But so far, these tiny organisms remain an enigma. One well-accepted way of studying a single-celled organism is by assembling a list of all of its molecular components. This can be done by sequencing the genome – the ‘parts list’. But a list of parts on its own is not much use: for Plasmodium and Toxoplasma we have the parts list, but don’t know what 60 per cent of the parts are – or what they do. It’s like trying to read a book in a language you’ve only just started learning, says Waller. Hard, but not impossible.

Our biology isn’t separate from the biology of the planet. We need to understand how we are interacting with it and how it is interacting with us

“We want to put all that information in context – how is it driving the complexity and architecture of the cells. Think of the exploded diagrams common to engineering (or, indeed, flat-pack furniture), where every part is carefully drawn and which shows you how it fits together. “We’re using a method, developed in the Department by Professor Kathryn Lilley, which overlays the genome-level information of parts on to the cell, enabling us to locate those various parts. “We can then look at the function of each of these parts by using genetic tools such as Crispr to take them out, to turn them on or off, to modify their behaviours.”

A new parts list

But if Plasmodium and Toxoplasma are Madame Bovary to a French A-level student, then dinoflagellates are Linear A. Crispr doesn’t work on them, says Waller, because they’ve radically changed the way they store their genetic information (i.e. the parts list). Most complex organisms, including us, fall into a class known as eukaryotes. These cells have developed a way of managing their genomes in a nucleus, using proteins called histones. The genome’s chromosomes are organised on histones, like scrolls in a library. This efficient system for organising their genetic information – evolved over two billion years of life on Earth – enables them to be more complex. All eukaryotes use this system. Except the dinoflagellates.

“In biology, you can almost never say never. There’s almost always an exception,” says Waller, cheerfully. “And dinoflagellates are one of the most remarkable exceptions. They have got rid of the histone system for organising their data. “And that’s remarkable, because their genome is up to a hundredfold bigger than the human genome. So if you think of the nucleus as about the size of a basketball, in a human nucleus the DNA would be the equivalent of 30 miles of string, all stored inside that basketball. At that scale, dinoflagellates have about 2,500 miles of string to store – and stored so that it can get to any part of the string whenever it needs to.”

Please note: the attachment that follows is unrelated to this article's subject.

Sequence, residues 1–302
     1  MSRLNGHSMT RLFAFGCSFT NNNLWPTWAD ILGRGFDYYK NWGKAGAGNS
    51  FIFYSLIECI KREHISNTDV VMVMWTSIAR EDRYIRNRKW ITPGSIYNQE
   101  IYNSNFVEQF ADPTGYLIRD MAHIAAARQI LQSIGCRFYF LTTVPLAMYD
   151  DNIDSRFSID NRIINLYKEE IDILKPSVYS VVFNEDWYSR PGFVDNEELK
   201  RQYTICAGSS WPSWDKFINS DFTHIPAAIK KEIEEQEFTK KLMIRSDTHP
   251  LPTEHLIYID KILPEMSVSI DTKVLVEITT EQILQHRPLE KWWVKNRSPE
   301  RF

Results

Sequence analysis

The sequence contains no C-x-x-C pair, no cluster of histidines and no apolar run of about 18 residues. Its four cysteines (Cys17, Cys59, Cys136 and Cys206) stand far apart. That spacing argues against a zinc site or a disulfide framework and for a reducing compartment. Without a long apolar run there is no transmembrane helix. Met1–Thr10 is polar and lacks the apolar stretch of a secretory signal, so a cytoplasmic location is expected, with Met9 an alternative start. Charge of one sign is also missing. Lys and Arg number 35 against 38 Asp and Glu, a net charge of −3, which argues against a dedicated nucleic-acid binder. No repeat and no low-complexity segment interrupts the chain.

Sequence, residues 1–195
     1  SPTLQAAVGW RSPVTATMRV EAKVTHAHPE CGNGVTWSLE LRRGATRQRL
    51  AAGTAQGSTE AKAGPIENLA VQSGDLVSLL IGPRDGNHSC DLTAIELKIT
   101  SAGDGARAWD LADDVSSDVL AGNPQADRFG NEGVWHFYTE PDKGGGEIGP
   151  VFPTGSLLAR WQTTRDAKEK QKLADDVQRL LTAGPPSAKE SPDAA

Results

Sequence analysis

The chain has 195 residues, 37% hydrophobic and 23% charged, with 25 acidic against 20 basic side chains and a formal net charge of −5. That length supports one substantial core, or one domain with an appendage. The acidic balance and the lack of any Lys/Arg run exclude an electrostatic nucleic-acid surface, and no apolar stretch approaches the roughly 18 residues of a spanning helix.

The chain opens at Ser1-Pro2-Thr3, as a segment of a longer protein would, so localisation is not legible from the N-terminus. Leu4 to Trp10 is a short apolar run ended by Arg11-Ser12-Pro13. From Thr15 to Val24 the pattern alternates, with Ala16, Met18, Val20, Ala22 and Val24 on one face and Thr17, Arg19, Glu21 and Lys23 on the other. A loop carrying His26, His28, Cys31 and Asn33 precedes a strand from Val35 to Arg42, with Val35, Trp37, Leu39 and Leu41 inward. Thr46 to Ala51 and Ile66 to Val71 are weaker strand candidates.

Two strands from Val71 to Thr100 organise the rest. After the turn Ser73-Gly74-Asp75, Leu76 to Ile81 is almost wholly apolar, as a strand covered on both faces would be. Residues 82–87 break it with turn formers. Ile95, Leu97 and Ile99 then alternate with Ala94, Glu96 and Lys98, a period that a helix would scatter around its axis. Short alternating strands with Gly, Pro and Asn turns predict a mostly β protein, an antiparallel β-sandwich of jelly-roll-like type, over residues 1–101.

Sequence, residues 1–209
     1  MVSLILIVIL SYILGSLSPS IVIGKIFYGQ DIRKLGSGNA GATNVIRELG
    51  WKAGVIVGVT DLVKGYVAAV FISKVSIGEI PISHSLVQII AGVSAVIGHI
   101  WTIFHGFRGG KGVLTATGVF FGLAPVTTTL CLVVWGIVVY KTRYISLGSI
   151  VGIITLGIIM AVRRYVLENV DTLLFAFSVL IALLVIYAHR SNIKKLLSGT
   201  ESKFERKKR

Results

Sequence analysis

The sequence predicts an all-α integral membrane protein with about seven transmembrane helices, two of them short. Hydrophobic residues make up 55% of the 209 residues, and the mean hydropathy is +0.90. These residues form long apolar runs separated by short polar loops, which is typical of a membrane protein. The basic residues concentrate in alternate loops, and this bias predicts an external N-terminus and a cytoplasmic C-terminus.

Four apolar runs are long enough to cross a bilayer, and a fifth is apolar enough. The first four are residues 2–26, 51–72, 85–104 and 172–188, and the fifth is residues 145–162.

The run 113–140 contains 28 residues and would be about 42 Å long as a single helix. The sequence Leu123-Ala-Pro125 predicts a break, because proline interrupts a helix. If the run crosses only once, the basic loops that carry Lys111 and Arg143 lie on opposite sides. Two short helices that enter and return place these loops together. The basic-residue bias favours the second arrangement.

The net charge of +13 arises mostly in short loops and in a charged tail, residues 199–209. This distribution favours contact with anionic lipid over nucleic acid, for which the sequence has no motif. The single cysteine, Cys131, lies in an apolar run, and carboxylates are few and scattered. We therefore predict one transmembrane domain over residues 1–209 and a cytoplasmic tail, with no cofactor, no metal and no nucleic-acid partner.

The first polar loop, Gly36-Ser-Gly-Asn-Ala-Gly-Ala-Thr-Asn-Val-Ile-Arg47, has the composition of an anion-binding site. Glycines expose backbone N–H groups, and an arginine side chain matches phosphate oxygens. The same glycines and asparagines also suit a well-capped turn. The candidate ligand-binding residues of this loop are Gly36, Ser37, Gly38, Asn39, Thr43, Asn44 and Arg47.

That’s a huge paradox: why would a single cell make its genetic information much bigger than complex things like humans? And how does it access this information? They are compacting it somehow, Waller says, in a way that still keeps it accessible. “And this is now an opportunity to learn about a fundamental cell process, or life process, of organising DNA in a complex way that’s different from what the rest of complex cellular life does.”

From an early age, Waller says, he was fascinated by how systems worked. Initially enrolled to study engineering, he found his first year uninspiring and, by his third year, he had changed to biology. It’s not such a leap, he says, if you think of cells as complex machines built from components, each with its place in the system. “And I was worried about where we’re going as a society, environmentally speaking. As a child in the 90s, when the greenhouse effect and acid rain were very much in the media, I recognised the impact of human activity on these basic processes. I worried about where we were heading. That hasn’t changed.”

Following his degree, he spent a year in a research lab, then signed up for a job on an oceanographic research vessel carrying out phytoplankton sampling, then travelled around the world before returning to research and his PhD at the University of Melbourne, investigating the genetics of Plasmodium. Waller came to Cambridge with his scientist partner who was offered the chance to set up her own lab in nearby Norwich. “And there was an opportunity here. It was just fortuitous. But it’s been a stimulating experience to make new connections. In fact, a lot of the work that we’re doing now is based on new interactions that have been made possible by other researchers at Cambridge.”

His focus now is to keep asking questions and going where they take him, with eyes wide open. “I think we tend to be a bit too blinkered, where we think that the most important thing is to understand human biology,” he says. “Our biology isn’t separate from the biology of the planet. We need to understand how we are interacting with it and how it is interacting with us, as it creates processes that are essential for our lives, and for the planet.”

Find out more about The Waller Lab